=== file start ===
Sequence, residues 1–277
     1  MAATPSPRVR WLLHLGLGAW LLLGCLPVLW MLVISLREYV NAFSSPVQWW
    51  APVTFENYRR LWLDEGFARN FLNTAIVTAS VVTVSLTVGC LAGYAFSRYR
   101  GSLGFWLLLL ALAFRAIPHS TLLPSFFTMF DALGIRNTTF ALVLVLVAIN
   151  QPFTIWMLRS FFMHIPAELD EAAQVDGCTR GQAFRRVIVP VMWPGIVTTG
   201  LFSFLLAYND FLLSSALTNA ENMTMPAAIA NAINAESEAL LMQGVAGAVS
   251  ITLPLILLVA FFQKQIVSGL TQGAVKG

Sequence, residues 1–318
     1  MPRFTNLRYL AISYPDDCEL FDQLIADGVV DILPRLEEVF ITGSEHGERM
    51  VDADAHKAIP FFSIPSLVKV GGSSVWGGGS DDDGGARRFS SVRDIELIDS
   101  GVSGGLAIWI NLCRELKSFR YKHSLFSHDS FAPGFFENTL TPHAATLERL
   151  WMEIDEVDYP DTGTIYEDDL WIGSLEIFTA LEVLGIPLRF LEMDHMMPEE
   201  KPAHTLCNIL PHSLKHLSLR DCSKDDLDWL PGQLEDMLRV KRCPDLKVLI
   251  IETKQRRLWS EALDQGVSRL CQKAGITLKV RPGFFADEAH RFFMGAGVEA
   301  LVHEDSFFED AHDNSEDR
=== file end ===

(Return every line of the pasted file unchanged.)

Sequence, residues 1–277
     1  MAATPSPRVR WLLHLGLGAW LLLGCLPVLW MLVISLREYV NAFSSPVQWW
    51  APVTFENYRR LWLDEGFARN FLNTAIVTAS VVTVSLTVGC LAGYAFSRYR
   101  GSLGFWLLLL ALAFRAIPHS TLLPSFFTMF DALGIRNTTF ALVLVLVAIN
   151  QPFTIWMLRS FFMHIPAELD EAAQVDGCTR GQAFRRVIVP VMWPGIVTTG
   201  LFSFLLAYND FLLSSALTNA ENMTMPAAIA NAINAESEAL LMQGVAGAVS
   251  ITLPLILLVA FFQKQIVSGL TQGAVKG

Sequence, residues 1–318
     1  MPRFTNLRYL AISYPDDCEL FDQLIADGVV DILPRLEEVF ITGSEHGERM
    51  VDADAHKAIP FFSIPSLVKV GGSSVWGGGS DDDGGARRFS SVRDIELIDS
   101  GVSGGLAIWI NLCRELKSFR YKHSLFSHDS FAPGFFENTL TPHAATLERL
   151  WMEIDEVDYP DTGTIYEDDL WIGSLEIFTA LEVLGIPLRF LEMDHMMPEE
   201  KPAHTLCNIL PHSLKHLSLR DCSKDDLDWL PGQLEDMLRV KRCPDLKVLI
   251  IETKQRRLWS EALDQGVSRL CQKAGITLKV RPGFFADEAH RFFMGAGVEA
   301  LVHEDSFFED AHDNSEDR